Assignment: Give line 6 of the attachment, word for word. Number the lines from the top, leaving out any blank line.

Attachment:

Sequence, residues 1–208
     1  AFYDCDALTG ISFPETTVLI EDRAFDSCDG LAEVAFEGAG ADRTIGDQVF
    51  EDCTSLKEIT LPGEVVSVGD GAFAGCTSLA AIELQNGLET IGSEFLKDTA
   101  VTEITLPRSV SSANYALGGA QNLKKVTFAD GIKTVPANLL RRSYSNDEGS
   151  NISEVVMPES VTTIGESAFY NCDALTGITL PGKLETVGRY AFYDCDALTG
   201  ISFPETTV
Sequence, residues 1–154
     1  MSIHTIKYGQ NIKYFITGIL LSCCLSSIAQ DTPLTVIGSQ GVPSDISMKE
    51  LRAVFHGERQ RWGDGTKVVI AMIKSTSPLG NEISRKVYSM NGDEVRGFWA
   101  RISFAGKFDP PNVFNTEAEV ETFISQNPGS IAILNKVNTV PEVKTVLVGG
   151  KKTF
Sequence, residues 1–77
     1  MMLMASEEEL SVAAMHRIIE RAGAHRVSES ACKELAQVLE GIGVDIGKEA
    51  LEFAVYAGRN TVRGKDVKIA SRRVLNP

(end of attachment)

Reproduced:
   201  ISFPETTV